Cass Sunstein and OIRA
This morning, the Center for Progressive Reform published a report on some of the issues that will confront President Obama’s “regulatory czar” Cass Sunstein, if, as seems likely, he is nominated and confirmed to be the director of OMB’s Office of Information and Regulatory Affairs. I’ve blogged on this before, and our report, Reinvigorating Protection of Health, Safety, and the Environment: The Choices Facing Cass Sunstein, speaks for itself, so I won’t go on too long here. The report
The Sunstein Appointment: More Here Than Meets the Eye
Thursday’s big news on the regulatory front was that President-elect Obama plans to nominate Harvard Professor Cass Sunstein to be the head of the White House Office of Management and Budget’s Office of Information and Regulatory Affairs (OIRA) – the so-called “regulatory czar” of the federal government. The appointment means that those of us expecting a revival of the protector agencies—EPA, FDA, OSHA, CPSC, and NHTSA—have reason to worry that “yes, we can” will become “no, we won’t.” The
Regulators Cozying Up to Regulated Industry
A story in the Washington Post over the holidays offers up a nice case study in how regulated industries and federal agencies charged with regulating them have grown far too cozy. The story drew back the curtain on how the manufacturer of a toxic metal called beryllium managed to defeat efforts by the Occupational Safety and Health Administration to establish a reasonable workplace standard, and then succeeded in corrupting an effort by an OSHA staffer to warn workers of the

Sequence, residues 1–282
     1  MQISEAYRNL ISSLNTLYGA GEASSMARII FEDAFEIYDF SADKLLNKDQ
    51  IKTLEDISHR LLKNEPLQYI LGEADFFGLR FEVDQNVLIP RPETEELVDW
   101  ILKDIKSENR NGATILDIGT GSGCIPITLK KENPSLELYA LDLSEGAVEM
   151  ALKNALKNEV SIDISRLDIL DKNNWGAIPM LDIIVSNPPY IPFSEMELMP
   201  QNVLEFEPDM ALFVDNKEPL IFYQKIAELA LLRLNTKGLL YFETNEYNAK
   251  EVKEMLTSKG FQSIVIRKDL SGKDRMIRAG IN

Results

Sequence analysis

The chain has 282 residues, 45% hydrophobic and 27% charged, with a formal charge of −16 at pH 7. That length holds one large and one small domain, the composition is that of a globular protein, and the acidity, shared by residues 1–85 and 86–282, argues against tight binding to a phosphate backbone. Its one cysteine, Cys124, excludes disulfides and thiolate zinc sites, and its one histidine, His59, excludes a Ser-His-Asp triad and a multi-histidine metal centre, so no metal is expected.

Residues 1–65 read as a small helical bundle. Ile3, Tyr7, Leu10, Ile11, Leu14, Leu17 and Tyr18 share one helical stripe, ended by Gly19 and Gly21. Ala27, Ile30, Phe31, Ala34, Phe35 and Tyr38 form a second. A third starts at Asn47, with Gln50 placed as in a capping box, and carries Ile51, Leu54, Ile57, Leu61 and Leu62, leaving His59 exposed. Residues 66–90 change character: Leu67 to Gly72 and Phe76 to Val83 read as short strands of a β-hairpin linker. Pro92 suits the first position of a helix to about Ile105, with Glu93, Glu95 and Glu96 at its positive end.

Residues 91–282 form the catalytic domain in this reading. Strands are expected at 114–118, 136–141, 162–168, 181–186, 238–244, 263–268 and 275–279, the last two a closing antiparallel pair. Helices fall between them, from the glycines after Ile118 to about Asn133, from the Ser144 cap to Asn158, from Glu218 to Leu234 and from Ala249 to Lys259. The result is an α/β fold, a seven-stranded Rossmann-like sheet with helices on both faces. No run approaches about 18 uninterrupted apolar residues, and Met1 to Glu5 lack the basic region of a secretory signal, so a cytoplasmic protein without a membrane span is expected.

Time for EPA to Ride in the Front Seat
President-elect Barack Obama seems close to naming Lisa Jackson, now head of the New Jersey Department of Environmental Protection, to lead the Environmental Protection Agency. Jackson, or whoever ends up getting the appointment, will surely get a raft of advice from friends and closet enemies alike. Most of it will have to do with regulations she should cancel, promulgate, or change profoundly. But I have some turf-guarding advice. Of all the body blows that have fallen on EPA in
A New Washington for Our Kids
About one in every fifteen Americans is a child under five years old, and those 20 million kids all experience the miracle of discovery and development. These fragile human beings are not simply little adults, the scientists tell us, for all sorts of reasons. They breathe five times faster, for one thing, inhaling much more fresh—and contaminated—air. Because their nervous systems are still developing, they are much more vulnerable to chemicals that cause brain damage, lags in cognitive development, and
Rays of Sunshine
I think Wendy paints far too black a picture of the current state of affairs, and that rays of sunshine are beginning to poke through this particularly cloudy sky. I rest my case for more optimism on the increasingly aggressive role that scientific advisory boards are playing when political appointees at the Environmental Protection Agency play fast and loose with the science. Needless to say, the actions of the Bush Administration, in this and so many other areas, are
Also from Rena Steinzor
Rena Steinzor is a Professor of Law at the University of Maryland Francis King Carey School of Law, and a past president of the Center for Progressive Reform. She is the author of Why Not Jail? Industrial Catastrophes, Corporate Malfeasance, and Government Inaction.
Steinzor | Oct 11, 2018 | Regulatory Policy
Steinzor | Aug 30, 2018 | Regulatory Policy
Steinzor | Jun 12, 2018 | Workers' Rights
Steinzor | Mar 27, 2018 | Regulatory Policy
Steinzor | Feb 22, 2018 | Regulatory Policy